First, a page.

By John Helmer, Moscow
Judge Natalia Bulavintseva ruled yesterday in Chelyabinsk Arbitrazh court that the hearing she had previously fixed for argument by lawyers on the substance of the case against Magnitogorsk Metallurgical Combine’s (MMK) purchase of Flinders Mines will be delayed for another month. Instead of April 25, this hearing has now been set for May 24.
On April 12, when ruling to dismiss a motion by MMK to lift her injunction against proceeding with the deal, Bulavintseva had written: “The validity of [the plaintiff’s] arguments (abuse of discretion) can be verified in court when considering the merits of the case… the court considers [these] issues that should be ascertained when considering the merits of the case.”
That Bulavintseva has now ruled to delay this part of the case means one of two things – MMK needs more time to lobby the Kremlin, and the new government to be appointed next month by President Vladimir Putin, before the court can be entrusted to decide what to do with the Flinders Mines deal. Alternatively, the judge needs more time to gauge which way the winds are blowing in the case. Come to think of it, MMK and the judge may be thought of as being in the same boat.
A source in the Chelaybinsk court registry said this morning that yesterday’s hearing was a preliminary one, and the main trial has been postponed for a month. A posting on the court website should appear within 24 hours identifying the parties who appeared at yesterday’s session. A request to the court registry to identify the lawyers representing the plaintiff, missing person Elena Egorova, and those representing MMK has so far been denied.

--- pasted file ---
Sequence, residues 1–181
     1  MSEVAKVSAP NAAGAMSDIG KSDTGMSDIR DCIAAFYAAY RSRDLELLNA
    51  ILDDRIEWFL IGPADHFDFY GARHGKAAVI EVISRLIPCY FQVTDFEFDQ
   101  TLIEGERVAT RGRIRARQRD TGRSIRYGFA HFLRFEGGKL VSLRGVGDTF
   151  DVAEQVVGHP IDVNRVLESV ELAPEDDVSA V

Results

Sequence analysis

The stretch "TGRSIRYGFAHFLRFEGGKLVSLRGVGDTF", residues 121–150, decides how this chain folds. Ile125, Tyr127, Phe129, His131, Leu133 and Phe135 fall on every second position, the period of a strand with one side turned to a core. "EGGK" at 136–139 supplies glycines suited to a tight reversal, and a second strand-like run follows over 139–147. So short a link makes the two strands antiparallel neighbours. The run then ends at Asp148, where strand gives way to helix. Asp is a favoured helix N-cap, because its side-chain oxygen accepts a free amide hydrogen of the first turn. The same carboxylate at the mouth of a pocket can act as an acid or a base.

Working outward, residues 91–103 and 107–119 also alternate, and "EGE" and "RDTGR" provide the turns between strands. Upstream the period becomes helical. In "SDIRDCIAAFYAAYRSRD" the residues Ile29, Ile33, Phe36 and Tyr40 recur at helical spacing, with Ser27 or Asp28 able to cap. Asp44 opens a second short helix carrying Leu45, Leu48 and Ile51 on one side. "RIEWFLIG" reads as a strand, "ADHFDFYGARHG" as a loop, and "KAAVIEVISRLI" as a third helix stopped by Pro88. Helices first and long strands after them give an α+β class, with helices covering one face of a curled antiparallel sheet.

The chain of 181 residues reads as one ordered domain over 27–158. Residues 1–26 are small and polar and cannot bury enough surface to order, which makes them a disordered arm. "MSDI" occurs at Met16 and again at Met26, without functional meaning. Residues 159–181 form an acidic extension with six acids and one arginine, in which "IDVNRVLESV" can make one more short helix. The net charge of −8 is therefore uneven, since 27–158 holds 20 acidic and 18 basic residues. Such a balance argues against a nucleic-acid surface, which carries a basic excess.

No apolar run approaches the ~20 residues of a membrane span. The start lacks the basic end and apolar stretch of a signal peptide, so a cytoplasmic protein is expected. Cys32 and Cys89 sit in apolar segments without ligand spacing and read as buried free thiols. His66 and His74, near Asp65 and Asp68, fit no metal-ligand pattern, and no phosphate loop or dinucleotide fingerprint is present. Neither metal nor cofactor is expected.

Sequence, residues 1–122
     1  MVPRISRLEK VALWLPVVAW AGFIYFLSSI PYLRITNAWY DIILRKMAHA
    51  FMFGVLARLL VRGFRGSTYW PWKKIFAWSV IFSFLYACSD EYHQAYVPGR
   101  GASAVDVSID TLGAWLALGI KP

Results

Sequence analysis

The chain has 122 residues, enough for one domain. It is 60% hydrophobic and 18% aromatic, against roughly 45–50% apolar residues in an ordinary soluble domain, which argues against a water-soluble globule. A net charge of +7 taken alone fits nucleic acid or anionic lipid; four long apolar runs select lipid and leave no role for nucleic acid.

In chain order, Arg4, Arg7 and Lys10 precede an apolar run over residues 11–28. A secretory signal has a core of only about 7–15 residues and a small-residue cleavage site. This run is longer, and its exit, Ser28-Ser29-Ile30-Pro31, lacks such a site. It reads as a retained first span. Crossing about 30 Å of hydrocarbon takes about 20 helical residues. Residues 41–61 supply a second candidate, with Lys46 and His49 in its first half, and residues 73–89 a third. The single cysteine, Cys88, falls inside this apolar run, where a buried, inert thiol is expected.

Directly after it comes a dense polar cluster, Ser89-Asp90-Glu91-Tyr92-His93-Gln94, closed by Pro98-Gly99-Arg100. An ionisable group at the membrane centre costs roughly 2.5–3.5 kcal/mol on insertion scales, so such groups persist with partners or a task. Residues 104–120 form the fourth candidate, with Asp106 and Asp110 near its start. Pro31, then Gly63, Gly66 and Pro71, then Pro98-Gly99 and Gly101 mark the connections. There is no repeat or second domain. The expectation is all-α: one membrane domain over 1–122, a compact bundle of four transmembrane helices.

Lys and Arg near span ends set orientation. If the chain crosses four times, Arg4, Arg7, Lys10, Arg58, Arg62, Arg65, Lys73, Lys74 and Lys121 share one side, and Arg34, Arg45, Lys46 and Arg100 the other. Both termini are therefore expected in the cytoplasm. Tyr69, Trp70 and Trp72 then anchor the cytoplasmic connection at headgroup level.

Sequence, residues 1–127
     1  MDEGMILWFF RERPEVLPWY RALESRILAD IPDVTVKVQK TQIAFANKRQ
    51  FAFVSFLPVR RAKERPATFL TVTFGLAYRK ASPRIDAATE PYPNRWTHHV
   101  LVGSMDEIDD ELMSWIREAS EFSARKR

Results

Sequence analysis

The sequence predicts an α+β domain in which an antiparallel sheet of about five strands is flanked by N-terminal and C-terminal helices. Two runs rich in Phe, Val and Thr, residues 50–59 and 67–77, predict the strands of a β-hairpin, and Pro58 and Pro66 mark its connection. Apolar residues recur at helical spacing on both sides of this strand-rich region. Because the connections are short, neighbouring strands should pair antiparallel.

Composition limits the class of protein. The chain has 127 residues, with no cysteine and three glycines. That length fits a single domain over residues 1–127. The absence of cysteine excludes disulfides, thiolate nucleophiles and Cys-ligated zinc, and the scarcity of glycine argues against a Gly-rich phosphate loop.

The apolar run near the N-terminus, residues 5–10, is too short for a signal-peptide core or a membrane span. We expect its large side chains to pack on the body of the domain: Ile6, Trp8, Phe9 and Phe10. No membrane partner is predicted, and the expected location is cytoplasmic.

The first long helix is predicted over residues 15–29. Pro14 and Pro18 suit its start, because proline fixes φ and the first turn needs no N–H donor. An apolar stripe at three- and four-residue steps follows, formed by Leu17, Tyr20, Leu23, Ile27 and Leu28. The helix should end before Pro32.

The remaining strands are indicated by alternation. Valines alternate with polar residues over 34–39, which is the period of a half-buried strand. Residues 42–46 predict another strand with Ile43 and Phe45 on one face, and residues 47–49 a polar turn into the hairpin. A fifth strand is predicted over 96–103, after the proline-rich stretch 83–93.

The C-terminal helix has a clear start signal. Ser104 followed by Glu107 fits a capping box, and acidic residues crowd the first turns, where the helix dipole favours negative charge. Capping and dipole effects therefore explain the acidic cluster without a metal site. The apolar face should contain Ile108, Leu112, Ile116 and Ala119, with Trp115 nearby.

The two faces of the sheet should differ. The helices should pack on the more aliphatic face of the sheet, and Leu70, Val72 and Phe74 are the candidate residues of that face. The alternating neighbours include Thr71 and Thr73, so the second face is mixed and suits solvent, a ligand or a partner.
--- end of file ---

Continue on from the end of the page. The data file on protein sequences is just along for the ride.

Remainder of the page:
At the same time, an appellate judge in Chelyabinsk, Galina Fedina of the Arbitrazh Court of Appeals No. 18 has ordered the parties to appear on May 30 for a review of MMK’s appeal of the April 12 dismissal of its first attempt to lift the injunction. That timing implies that whatever is heard and decided by Bulavintseva on May 25, there is likely to be an injunction still to appeal against five days later.
Also, the posted court records now show that on April 24 an appeal of the same ruling by lawyers for Flinders Mines was registered at the court. As previously reported, Flinders Mines claimed it had lodged its appeal in a statement to the Australian Stock Exchange on April 16.
MMK has issued a press release covering the latest delay. “MMK once again states that the Company considers the minority shareholder’s action as illegitimate and deserving no legal satisfaction. MMK will continue to use all lawful means in its possession to protect its corporate interests and to lift the injunction relief order earlier imposed by the court.”
A release by Flinders Mines to the local stock exchange parrots this, adding it will continue to keep its shareholders informed regarding these developments.”
There have been several interpretations by sources close to the two companies on when time will run out for the deal to be completed – that’s the long-stop or quit date. Initially, Flinders Mines was telling reporters and fund managers that this was June 13; then “no later than July 21”; then June 30.
According to the scheme of arrangement MMK and Flinders agreed to for the takeover, “if the Scheme Implementation Agreement is terminated in accordance with its terms, or the Scheme does not become Effective on or before the Quit Date, the obligations of MMK under this deed will automatically terminate, unless MMK and Flinders agree otherwise in writing.” The terms, released on February 15, also included this: “Quit Date means 30 June 2012 or such later date as MMK and Flinders may agree in writing.”
If the Chelyabinsk judges issue another postponement beyond June 30, and if MMK won’t agree to an extension, then that will be the technical trigger to end MMK’s takeover and nullify the scheme of arrangement with Flinders Mines.